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Nat Med. 2014 Apr;20(4):436-42. doi: 10.1038/nm.3488. Epub 2014 Mar 2.

Multiplexed ion beam imaging of human breast tumors.

Author information

1
1] Baxter Laboratory in Stem Cell Biology, Department of Microbiology and Immunology, Stanford University, Stanford, California, USA. [2] Department of Laboratory Medicine, University of California-San Francisco, San Francisco, California, USA.
2
Baxter Laboratory in Stem Cell Biology, Department of Microbiology and Immunology, Stanford University, Stanford, California, USA.
3
Department of Materials Science and Engineering, Stanford University, Stanford, California, USA.
4
Department of Pathology and Laboratory Medicine, University of California-Davis, Health System, Sacramento, California, USA.
5
Department of Pathology, Genentech, South San Francisco, California, USA.
6
Department of Pathology, Stanford University, Stanford, California, USA.

Abstract

Immunohistochemistry (IHC) is a tool for visualizing protein expression that is employed as part of the diagnostic workup for the majority of solid tissue malignancies. Existing IHC methods use antibodies tagged with fluorophores or enzyme reporters that generate colored pigments. Because these reporters exhibit spectral and spatial overlap when used simultaneously, multiplexed IHC is not routinely used in clinical settings. We have developed a method that uses secondary ion mass spectrometry to image antibodies tagged with isotopically pure elemental metal reporters. Multiplexed ion beam imaging (MIBI) is capable of analyzing up to 100 targets simultaneously over a five-log dynamic range. Here, we used MIBI to analyze formalin-fixed, paraffin-embedded human breast tumor tissue sections stained with ten labels simultaneously. The resulting data suggest that MIBI can provide new insights into disease pathogenesis that will be valuable for basic research, drug discovery and clinical diagnostics.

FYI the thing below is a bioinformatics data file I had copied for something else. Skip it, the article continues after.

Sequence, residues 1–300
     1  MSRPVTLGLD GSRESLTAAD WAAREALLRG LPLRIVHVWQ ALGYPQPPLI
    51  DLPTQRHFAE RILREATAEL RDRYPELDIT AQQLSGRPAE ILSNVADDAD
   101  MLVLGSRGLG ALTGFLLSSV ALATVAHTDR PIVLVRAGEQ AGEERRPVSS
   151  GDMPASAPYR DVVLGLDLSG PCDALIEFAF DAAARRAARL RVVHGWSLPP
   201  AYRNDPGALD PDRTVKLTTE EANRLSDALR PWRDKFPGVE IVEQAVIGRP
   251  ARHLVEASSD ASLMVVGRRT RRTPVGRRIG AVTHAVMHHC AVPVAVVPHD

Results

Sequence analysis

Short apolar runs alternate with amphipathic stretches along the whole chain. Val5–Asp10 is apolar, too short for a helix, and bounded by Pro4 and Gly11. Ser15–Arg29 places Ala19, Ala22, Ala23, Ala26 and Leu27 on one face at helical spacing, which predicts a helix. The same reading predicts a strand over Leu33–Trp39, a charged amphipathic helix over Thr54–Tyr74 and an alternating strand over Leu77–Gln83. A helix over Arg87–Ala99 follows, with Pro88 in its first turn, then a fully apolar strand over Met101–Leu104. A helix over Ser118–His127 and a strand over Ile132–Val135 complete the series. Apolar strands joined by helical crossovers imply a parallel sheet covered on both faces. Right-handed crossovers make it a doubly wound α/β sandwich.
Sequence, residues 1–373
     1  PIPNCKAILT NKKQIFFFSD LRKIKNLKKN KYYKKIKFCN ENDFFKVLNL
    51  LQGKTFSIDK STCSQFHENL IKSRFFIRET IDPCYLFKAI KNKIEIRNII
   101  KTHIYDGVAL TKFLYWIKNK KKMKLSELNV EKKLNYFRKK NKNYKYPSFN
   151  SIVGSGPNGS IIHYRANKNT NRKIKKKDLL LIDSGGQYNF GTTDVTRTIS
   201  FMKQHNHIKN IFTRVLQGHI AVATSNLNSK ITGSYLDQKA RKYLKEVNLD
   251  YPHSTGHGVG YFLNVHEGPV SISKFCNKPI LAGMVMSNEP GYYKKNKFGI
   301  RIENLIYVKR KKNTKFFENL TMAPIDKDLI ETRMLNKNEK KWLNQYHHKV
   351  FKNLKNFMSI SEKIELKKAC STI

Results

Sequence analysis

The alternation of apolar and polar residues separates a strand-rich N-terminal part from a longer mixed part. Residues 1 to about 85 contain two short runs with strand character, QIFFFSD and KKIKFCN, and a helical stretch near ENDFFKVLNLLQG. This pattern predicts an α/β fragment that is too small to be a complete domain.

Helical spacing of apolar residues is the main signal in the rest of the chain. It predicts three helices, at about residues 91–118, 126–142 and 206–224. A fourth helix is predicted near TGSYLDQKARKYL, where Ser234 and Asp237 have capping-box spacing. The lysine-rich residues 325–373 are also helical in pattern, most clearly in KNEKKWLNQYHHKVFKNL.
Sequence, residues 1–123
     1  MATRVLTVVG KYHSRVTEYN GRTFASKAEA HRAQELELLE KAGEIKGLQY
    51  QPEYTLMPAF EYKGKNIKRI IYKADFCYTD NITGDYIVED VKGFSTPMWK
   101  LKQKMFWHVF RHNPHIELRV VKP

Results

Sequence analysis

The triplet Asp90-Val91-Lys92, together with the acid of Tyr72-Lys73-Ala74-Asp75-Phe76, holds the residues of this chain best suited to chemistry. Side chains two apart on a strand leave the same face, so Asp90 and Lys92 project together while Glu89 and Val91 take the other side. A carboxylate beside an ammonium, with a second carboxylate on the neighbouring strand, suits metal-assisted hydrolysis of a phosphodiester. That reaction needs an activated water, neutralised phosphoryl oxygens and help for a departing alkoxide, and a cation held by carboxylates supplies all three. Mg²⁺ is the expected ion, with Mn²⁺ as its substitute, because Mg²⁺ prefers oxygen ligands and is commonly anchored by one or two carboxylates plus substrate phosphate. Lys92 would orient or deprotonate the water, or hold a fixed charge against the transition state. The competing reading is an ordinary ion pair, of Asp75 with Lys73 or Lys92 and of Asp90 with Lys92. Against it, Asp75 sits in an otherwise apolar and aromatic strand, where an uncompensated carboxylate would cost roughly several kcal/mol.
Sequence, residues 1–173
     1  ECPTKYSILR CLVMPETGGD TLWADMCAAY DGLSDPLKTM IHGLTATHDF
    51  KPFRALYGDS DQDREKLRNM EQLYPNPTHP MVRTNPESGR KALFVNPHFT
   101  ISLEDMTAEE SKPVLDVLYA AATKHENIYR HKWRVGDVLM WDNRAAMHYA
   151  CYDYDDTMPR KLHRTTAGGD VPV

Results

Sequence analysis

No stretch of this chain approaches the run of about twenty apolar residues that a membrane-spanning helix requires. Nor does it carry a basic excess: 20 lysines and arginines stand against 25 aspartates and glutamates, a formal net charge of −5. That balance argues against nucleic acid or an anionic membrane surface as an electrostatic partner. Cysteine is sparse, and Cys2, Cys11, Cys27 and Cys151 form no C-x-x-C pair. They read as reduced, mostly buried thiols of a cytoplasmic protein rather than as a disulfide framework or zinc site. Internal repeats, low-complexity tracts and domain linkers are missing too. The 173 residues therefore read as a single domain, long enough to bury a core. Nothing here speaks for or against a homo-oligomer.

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PMID:
24584119
PMCID:
PMC4110905
DOI:
10.1038/nm.3488
[Indexed for MEDLINE]
Free PMC Article

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